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Crux and Coalsack Nebula (C99)

The Crux constellation and the Coalsack Nebula (C99) are so close to each other that we can shot it through a 135mm and a cropped APS-C sensor.

And I finally did it! Let’s see how it ended.

The Crux constellation

The Crux constellation is probably the most known constellation of the southern hemisphere, and it’s easy to understand why. There are 4 stars, being the less brighter yet on magnitude 2.75, and disposed on a “cross” shape very easy to locate.

This constellation is full of surprises. Just to the left of the star called “Mimosa” (Beta Crucis) is the Jewel Box (NGC 4755), a beautiful, bright open cluster with stars of many colors.

The star Alfa Crucis, also known as “Magellanic Star”, is the brightest one, with 0,8 mag. This is also a multiple stelar system, with at least 3 stars.

The Coalsack Nebula (C99)

I don’t know why, but I just love dark nebulas. And the Coalsack is awesome! C99 is the biggest one seeing from earth, with dimensions of 7×5 degrees! It is HUGE!

I first discovered C99 a few years back, while I was on the firsts steps with astrophotography. I pointed my D5000 to the Crux with a tripod and toke some 15s shots. When I saw this huge shadow I couldn’t believe.

The picture itself

Shot it was pretty easy, to be fair. I started just after the sunset, but the first 4 frames was lost due to the INTENSE traffic of artificial sattelites. I should have thinking on that, right?

Then I made more 96 frames of 60 seconds with my D5000 and my Nikon 135mm f2.8 at f4.

This was the result:

Crux and Coalsack Nebula (C99)

Setup:

Nikon D5000
Nikon 135mm f2.8 AIs at f4
iOptron CEM25P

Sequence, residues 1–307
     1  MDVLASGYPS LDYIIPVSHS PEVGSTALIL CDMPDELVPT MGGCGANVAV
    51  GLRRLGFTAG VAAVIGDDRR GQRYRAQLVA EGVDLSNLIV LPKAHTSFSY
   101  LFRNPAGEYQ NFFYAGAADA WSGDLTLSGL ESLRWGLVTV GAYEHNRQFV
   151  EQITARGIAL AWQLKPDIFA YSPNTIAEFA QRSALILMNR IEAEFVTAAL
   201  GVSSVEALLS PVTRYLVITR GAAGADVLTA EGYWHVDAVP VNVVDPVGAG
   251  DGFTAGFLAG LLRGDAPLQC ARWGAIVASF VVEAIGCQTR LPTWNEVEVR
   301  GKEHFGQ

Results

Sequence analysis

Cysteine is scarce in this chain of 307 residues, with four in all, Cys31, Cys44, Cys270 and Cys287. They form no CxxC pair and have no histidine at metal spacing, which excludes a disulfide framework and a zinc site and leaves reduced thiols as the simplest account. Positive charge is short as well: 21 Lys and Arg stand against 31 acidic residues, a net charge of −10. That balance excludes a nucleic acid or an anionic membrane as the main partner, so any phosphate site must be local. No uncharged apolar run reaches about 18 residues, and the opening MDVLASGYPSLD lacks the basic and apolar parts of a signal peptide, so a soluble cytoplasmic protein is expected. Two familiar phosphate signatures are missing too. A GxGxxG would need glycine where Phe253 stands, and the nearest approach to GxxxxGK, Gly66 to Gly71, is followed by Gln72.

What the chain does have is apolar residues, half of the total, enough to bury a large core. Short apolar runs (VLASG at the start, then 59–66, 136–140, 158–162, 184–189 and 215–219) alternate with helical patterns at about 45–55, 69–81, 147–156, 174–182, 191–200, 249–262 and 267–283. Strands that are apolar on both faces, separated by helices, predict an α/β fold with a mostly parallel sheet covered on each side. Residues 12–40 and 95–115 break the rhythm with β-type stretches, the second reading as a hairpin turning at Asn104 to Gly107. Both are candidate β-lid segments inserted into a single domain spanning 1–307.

Exif:

96 x 60s ISO 400

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Eta Carinae Nebula (NGC 3372) Close-Up

So, after shoting Eta Carinae Nebula (NGC 3372) with a wide angle lens, now it’s time to shot this target again, this time to inaugurate my new OTA with a close-up of those beautiful hydrogen clouds and giantic star clusters.

Not everyone knows, but Eta Carinae Nebula (NGC 3372) is four times larger than the Orion Nebula (Messier 42) and even brighter. Don’t misunderstand me. Messier 42 is incredible, but Eta Carinae is special. It is so complex, with a lot of star clusters, Hydrogen Alpha regions, dark clouds… and it’s huge! And the big red giant in its center? Speechless. This red giant totally deserves an dedicated post for its own.

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Eta Carinae (NGC 3372) in wide angle

Finally, on January 7, I was able to try my “new” old Nikkor 135mm f2.8 AI, that promises to be a great wide angle lens. I chose as a target Eta Carinae Nebula, or NGC 3372.

This nebula is one of the most beloved targets of the south hemisphere. It is located on the Carina constellation, and just the main nebula itself (NGC 3372) have 2 degrees of aparent size. It is huuuuuge!

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